Markets Struggling Amid Uncertainty, FatigueTHE WASHINGTON POST
Stock prices fell Thursday for the fourth consecutive trading day since the terrorist attacks on New York and Washington, dragging all the major indexes to their lowest levels in more than two years amid a climate of investor uncertainty and sheer human fatigue.
As disaster-related costs continued to climb for airlines, insurance firms and other companies, it became clear that the the already weak U.S. economy had been damaged and may be contracting. And the prospect of an open-ended military operation against an unclear foe helped drive the Dow Jones industrial average down more than 380 points or 4.4 percent, bringing the index down nearly 13 percent in less than a week.
Other economic indicators hit traders Thursday like rabbit punches: Housing construction slid sharply in August. The National Retail Federation released pessimistic sales forecasts for the final three months of the year. Corporations issued earnings warnings, planned more layoffs and prepared for losses amid a landscape of empty hotels, malls and theme parks.
Federal Reserve Chairman Alan Greenspan, in his first public comments since the attacks, acknowledged Thursday on Capitol Hill that “much economic activity ground to a halt last week.” The short-term economic outlook remains unclear, he said.
Blair Signals Britain’s SupportTHE WASHINGTON POST -- WASHINGTON
Prime Minister Tony Blair signaled complete British support Thursday for evolving American plans to confront exiled Saudi militant Osama bin Laden, saying international backing for a decisive response to “the evil of mass terrorism” was growing stronger.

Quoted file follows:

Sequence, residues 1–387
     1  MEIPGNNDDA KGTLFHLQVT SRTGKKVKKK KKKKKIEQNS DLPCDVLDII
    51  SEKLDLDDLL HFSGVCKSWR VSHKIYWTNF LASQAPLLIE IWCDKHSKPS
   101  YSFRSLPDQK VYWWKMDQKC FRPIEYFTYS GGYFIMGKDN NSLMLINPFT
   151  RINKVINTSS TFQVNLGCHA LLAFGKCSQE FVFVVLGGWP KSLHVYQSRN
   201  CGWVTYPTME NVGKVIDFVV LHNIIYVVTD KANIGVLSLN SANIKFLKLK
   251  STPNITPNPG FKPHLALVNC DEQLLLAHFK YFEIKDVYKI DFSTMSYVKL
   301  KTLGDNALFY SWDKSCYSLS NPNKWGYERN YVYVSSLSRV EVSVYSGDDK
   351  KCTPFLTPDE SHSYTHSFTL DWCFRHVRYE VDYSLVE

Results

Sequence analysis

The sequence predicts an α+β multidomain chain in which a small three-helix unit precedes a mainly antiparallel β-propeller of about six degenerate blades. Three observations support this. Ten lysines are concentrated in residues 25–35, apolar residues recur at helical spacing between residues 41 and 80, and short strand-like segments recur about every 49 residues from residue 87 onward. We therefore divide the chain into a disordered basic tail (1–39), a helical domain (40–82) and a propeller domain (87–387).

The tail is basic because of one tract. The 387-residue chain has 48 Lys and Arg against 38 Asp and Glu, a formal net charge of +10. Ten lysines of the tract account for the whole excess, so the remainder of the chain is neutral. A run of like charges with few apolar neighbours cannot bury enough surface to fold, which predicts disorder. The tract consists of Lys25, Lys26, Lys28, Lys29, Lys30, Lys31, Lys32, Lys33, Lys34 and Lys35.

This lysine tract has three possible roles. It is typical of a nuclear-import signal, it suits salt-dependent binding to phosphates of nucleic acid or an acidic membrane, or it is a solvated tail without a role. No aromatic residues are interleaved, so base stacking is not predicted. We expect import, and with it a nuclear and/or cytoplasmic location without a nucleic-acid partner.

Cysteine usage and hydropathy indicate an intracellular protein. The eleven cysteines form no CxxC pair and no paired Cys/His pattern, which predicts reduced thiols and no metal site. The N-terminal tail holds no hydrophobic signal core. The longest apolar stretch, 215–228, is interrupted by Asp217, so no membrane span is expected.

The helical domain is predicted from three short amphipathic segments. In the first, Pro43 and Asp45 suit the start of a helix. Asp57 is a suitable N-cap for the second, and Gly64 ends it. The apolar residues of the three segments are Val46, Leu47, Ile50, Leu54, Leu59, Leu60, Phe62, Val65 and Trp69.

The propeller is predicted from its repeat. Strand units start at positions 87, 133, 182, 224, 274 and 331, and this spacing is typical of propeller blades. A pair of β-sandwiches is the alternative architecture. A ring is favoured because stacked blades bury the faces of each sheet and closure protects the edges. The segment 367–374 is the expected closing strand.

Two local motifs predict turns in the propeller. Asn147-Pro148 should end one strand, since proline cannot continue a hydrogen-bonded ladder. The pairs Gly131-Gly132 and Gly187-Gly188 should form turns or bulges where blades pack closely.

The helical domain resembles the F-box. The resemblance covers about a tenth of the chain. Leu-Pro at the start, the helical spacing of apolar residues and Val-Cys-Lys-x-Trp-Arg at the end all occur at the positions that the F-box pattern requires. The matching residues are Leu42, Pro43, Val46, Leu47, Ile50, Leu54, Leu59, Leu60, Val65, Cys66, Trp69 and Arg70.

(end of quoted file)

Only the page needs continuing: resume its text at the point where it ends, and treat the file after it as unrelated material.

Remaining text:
After meeting President Bush during a hastily arranged visit to the White House, Blair relayed his country’s sympathy for the vast loss of American lives in the terrorist attacks last week, which also left more than 200 British nationals missing and presumed dead.
“We have to bring to account those responsible and then we have to set about at every single level and in every way that we can dismantling the apparatus of terror and eradicating the evil of mass terrorism in our world. And I know America and Britain and all of our allies will stand united together in that task,” Blair said.
Britain has long been the United States' closest ally, playing a crucial role in the American-led coalition that defeated Iraqi President Saddam Hussein's forces in the 1991 Gulf War and continuing to participate in air patrols of the no-fly zones over Iraq.
Blair reaffirmed that special role during a strategy session and working dinner at the White House last night. Afterward, he told reporters that Britain was determined to stand with the United States as Americans stood with the British during the Nazi blitz of London during World War II.